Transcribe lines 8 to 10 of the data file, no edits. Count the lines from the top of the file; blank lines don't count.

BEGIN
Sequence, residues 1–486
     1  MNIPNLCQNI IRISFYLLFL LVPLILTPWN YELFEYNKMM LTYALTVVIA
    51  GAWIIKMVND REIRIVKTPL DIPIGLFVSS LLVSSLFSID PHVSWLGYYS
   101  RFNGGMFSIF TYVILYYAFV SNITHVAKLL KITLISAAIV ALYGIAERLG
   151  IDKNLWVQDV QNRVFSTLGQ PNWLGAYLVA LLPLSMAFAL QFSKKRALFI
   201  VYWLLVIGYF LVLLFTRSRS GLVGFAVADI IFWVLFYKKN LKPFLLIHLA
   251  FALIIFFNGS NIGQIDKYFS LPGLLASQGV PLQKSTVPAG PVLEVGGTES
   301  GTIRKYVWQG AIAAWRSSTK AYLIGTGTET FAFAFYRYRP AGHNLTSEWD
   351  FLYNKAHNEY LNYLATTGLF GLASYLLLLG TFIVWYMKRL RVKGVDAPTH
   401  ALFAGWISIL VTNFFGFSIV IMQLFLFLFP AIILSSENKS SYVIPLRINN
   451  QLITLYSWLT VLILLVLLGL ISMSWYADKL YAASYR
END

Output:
   301  GTIRKYVWQG AIAAWRSSTK AYLIGTGTET FAFAFYRYRP AGHNLTSEWD
   351  FLYNKAHNEY LNYLATTGLF GLASYLLLLG TFIVWYMKRL RVKGVDAPTH
   401  ALFAGWISIL VTNFFGFSIV IMQLFLFLFP AIILSSENKS SYVIPLRINN